Now, it's just a matter of figuring out what I'll be doing for WDD later this year, and how specifically I can help further that working-together dialogue between our local diabetes-related charities. More to come on that as the year progresses! In the meantime, I leave you to ponder how your own ADA and JDRF affiliates have butted heads and how you might work to bridge any gap that exists on whatever level locally from your own corner booth.


Saffy said…
Over in a tiny little corner of the world we have the same situation with a Diabetes Organization focused on 'the masses' i.e. Type 2 and a whole lot of disconnect for adult T1s. To be fair, I totally understand why they're focused on the T2s because they are the majority. I suggested recently that I'd rather belong to the Diabetes Youth group because I feel that I have more in common with them - despite the significant age gap. Sounds like it's a common opinion, but not necessarily ideal. As for changing that perhaps in little places like where I live there needs to be more joint action between a few nations' diabetes societies so that the number of adult non T2s is significant enough to be able to act? Just a thought. As for color? Definitely an identity crisis. Blue seems good - hopefully it can be picked up as a universal choice.
Alan said…
We have the same situation here in the UK Mike, between Diabetes UK and JDRF - they are both broadly supportive of different stereotypes. DUK is focussed on obesity and Type 2, and the 'Juvenile' in JDRF instantly associates it with under-20s. At age 49 at my T1 diagnosis, I'm hardly juvenile and many, many others match my situation - often being misdiagnosed purely because of age. Furthrmore, though the message of DUK is avoid obesity, there are something like 20% of T2 not overweight at diagnosis i.e. millions of people worldwide. The public needs a simple message, but the message misleads for a significant minority of people.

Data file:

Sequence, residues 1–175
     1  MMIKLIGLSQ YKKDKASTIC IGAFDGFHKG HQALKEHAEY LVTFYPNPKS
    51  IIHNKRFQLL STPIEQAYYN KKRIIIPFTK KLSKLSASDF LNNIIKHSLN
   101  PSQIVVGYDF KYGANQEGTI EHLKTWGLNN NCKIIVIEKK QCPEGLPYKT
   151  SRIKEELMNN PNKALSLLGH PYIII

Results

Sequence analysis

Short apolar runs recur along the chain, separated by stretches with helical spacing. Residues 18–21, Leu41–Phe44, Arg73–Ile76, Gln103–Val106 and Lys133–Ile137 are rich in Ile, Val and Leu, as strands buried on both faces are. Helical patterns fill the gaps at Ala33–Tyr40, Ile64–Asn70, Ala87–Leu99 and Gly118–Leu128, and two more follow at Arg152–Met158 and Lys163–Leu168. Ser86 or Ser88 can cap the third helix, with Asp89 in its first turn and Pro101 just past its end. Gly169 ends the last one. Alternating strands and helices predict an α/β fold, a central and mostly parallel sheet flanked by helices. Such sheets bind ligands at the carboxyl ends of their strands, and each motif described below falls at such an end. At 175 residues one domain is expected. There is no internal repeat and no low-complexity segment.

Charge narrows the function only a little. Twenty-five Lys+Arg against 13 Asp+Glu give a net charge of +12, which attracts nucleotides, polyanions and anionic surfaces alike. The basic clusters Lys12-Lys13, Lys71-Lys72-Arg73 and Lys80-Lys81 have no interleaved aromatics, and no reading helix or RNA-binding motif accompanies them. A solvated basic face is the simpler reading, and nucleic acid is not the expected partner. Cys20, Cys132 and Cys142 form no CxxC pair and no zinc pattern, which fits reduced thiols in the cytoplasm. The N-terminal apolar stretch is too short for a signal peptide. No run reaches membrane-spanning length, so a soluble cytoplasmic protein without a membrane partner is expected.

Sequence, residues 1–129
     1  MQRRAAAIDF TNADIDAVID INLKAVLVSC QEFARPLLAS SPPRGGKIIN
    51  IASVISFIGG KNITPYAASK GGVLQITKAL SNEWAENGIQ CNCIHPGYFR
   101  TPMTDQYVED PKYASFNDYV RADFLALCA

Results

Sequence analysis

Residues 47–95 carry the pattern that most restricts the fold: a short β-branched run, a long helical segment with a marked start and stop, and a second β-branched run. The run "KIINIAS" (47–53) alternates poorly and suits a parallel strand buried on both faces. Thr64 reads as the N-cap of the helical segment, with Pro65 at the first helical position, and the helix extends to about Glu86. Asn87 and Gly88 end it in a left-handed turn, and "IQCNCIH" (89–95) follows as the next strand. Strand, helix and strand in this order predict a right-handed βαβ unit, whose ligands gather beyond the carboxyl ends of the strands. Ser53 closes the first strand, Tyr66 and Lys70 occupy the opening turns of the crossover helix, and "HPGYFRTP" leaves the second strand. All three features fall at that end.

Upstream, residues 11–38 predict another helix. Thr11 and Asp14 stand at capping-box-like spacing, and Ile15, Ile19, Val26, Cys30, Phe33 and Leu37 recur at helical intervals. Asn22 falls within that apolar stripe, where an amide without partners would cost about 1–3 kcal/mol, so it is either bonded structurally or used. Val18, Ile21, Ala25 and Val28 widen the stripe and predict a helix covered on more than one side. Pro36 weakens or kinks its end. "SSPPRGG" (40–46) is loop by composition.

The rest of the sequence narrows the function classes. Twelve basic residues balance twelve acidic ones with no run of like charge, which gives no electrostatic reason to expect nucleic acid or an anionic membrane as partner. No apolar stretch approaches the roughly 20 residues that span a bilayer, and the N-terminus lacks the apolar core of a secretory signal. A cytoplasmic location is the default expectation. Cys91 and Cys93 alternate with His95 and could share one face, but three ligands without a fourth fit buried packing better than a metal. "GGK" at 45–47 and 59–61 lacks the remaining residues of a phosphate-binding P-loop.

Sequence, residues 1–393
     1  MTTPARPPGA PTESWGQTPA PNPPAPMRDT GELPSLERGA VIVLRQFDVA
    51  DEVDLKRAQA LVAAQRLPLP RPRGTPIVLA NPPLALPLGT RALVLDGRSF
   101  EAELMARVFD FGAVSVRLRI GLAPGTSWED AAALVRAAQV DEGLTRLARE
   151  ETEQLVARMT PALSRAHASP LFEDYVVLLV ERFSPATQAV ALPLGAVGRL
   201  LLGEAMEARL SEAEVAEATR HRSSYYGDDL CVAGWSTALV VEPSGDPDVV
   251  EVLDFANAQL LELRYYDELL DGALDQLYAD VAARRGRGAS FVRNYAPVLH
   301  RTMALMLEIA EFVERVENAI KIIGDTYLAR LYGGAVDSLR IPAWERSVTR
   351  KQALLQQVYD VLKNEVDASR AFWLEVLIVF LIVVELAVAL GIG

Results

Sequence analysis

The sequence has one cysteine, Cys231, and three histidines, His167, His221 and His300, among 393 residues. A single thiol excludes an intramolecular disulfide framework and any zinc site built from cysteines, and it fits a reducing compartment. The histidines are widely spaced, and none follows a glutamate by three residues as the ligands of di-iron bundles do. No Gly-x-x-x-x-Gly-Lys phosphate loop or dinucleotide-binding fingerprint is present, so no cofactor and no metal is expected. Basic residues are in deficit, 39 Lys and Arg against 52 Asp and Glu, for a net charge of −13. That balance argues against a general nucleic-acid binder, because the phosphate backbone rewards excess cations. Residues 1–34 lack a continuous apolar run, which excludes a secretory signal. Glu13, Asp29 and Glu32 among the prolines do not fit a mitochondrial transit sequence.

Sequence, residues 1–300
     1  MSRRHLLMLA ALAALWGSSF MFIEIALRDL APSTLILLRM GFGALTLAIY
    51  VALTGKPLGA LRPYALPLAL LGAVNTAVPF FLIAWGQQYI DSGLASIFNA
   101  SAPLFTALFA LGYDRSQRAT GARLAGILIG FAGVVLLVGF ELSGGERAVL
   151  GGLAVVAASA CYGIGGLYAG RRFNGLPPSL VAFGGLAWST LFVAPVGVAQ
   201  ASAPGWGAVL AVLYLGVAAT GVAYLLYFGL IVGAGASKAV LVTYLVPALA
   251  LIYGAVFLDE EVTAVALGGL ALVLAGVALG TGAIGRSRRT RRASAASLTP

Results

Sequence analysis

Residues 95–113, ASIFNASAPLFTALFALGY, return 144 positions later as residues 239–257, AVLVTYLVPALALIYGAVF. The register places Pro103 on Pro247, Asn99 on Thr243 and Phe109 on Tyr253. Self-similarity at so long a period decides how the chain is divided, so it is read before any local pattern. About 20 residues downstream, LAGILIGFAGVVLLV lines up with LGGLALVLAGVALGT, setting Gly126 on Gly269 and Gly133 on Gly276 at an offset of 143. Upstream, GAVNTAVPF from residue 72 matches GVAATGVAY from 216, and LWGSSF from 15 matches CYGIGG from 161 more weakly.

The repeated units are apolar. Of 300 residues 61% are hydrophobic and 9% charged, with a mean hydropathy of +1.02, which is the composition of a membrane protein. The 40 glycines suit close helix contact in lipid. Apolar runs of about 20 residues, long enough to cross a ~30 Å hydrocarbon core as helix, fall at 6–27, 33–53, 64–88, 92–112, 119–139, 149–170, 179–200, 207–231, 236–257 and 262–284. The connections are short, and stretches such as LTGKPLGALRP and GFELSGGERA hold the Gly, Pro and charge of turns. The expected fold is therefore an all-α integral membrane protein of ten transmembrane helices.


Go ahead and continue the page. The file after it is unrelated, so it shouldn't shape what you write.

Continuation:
Danielle said…
I don't know... I almost think it's better to separate the two. Think of how much misinformation is spread about Type 1, because most of what you hear is about Type 2 so people lump them together. (thinking back the recipe books and "cure diabetes" books I got from people when my daughter was diagnosed) I think more distinction needs to be made between the 2 diseases, despite how much they have in common.
Renata Porter said…
With being an expat living in New Zealand, I find your post pretty odd. Before coming here I wouldn't have thought twice about it. We have DNZ and DYNZ (Diabetes New Zealand and Diabetes New Zealand), but right now they are struggling to reorg to become a force in this country along with the likes of the cancer organization. I think you are on target that they need to join efforts, but after being here...all I can say is that at least ADA and JDRF are major forces in their own right within the US. Something that a lot of other countries wished they had...wished they had even one.
Jim said…
Michael - I could not find a contact email address - so please excuse me for using this comments section. Have you seen Glycosmedia http://www.glycosmedia.com

Jim Young
Anonymous said…
Just a bit of history, for anyone who might be interested. Prior to 2000 (I cannot find the exact date--but it occurred just before the internet was becoming widely used), a diabetes activist named Dave Groves was advocating the use of the 'awareness' ribbon. A small group chose to go forward with the idea (which, unfortunately, never gained momentum), and at the following link is the history of the ribbon.